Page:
Monday, June 23, 2008

sunday downtown


We went to the lecture that introduced the Martin Puryear retrospective which is open now in both East and West wings of the NGA (National Gallery of Art). It was an informative lecture and slide show. Martin is a local DC boy (b.1941) and lived here until he went away, after graduation from Catholic University as a painting major, to work for the Peace Corps for two years in Africa. He grew up playing on the national mall and visiting the NGA and the speaker liked to compare his sculptures to the domes and obelisk on the national mall. As a teenager Martin used to make wooden things that he wanted in his father's wood shop. Guitar, canoe, and bow and arrows were some of the things he told her he built and learned to use. Visiting his exhibition you see lots of attention to details that a furniture maker uses in the art works. I enjoyed the largest of the sculptures called Ad Astra, which is an antique set of wagon wheels from France that have a cart built for them that holds a big wooden polyhedron and a pole that would be the "hitch" for the oxen which is 63 feet long. This hitch pole looks like a long sapling tree going right up to the roof of the East wing. This tree is only in two parts. The first of which is 45 feet in length  and the attached tip is another 18 feet and the joint can be seen up close on the third story bridge. It is amazingly long and delicate standing in that void and we were told it was made expressly for the new atrium at the MoMA in NYC also a large open space. Another work I liked was titled Desire. 1981 It was a great wheel and axle attached to a lattice like bell in the west wing galleries where the bulk of the show is housed. I think it is great to see all that wood, tar, rawhide and wire in those galleries with their beautiful hard wood floors. It is quite different from the norm for NGA west wing to have such contemperary works housed in these galleries. The curator told us one of the installation people who has worked there for 20 years said while they were putting up the show that he thought after the Vermeer show this was the best he had seen in the NGA. I am not quite that excited about it but would highly reccomend this exhibit to my friends. Keith and I met Susan and had drinks and enjoyed some of the gallery and later the sculpture gardens and a bison burger over at our favorite NGA neighborhood restaurant Teaism before the rains came but this was a Sunday to remember. No photos were allowed of the sculptures in this show but I did make some nice shots of the "weeds"  in the field by our Brookland Metro station. Chickory blue flowers and tall Queen Anne's Lace white against the tall staff of the Mulleins.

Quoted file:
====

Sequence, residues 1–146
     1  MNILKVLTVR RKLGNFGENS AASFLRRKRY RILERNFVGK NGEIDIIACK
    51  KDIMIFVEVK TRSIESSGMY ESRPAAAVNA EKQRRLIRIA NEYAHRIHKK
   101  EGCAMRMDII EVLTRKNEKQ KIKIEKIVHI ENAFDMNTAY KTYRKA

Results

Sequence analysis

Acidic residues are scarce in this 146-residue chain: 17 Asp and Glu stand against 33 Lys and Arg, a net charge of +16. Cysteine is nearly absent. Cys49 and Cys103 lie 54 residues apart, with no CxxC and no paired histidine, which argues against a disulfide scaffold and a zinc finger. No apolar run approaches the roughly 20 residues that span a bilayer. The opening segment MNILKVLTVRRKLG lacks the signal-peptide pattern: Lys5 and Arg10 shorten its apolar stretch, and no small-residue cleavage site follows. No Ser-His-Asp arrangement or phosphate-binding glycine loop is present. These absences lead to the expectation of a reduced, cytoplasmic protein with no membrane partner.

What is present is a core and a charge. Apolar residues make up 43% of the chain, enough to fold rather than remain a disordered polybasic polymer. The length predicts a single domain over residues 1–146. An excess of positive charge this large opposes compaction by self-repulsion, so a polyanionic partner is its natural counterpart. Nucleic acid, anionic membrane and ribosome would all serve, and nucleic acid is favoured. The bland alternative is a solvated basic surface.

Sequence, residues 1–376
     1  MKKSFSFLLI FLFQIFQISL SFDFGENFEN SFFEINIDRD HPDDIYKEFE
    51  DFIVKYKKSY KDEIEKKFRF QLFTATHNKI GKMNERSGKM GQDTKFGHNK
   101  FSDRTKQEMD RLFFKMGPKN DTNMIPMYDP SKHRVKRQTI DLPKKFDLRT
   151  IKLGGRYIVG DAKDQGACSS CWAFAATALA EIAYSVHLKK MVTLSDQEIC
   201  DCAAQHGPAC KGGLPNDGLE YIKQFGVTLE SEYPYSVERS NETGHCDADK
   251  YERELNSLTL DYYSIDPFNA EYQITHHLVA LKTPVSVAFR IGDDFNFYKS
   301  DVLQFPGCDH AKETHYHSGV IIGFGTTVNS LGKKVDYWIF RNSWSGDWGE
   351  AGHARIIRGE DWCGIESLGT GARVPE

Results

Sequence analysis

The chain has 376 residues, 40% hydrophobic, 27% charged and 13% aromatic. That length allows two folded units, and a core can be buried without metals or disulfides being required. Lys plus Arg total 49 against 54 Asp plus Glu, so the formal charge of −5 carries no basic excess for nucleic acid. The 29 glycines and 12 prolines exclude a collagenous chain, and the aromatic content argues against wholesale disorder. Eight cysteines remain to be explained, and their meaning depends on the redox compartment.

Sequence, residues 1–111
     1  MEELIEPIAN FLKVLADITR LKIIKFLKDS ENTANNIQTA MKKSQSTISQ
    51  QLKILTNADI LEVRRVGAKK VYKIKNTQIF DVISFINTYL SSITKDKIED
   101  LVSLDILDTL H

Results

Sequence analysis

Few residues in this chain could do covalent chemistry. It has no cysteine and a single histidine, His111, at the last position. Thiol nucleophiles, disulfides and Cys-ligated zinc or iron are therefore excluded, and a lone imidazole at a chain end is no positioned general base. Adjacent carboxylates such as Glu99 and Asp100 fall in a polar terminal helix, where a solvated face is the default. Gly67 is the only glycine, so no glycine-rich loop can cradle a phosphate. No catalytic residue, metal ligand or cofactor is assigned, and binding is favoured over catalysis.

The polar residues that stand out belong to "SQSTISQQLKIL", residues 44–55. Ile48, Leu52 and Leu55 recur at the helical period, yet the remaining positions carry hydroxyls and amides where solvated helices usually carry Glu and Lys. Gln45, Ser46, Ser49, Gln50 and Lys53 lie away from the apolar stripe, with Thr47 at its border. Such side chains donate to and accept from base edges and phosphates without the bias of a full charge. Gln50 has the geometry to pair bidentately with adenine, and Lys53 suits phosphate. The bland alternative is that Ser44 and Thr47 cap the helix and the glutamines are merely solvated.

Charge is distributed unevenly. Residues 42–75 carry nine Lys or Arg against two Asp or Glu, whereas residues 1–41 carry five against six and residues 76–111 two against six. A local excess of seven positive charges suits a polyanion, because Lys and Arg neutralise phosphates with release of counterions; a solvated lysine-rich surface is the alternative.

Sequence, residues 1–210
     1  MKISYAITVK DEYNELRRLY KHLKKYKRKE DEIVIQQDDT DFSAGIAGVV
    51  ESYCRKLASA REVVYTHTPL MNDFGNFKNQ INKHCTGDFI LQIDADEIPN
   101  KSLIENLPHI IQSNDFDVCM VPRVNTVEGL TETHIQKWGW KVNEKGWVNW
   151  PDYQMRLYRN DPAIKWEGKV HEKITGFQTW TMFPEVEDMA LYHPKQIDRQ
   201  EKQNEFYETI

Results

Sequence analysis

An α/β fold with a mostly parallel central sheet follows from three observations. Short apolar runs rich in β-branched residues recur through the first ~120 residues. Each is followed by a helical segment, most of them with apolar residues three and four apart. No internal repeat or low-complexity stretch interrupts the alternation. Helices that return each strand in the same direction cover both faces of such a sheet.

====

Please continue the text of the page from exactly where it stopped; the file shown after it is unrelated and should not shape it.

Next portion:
1 comment:

woodcut55 said...

I should say that although I liked the show of Martin Puryear's sculpture I didn't love every single piece. I tend to over state my first reaction. It is a good show and quite lovely to walk through so go if you can.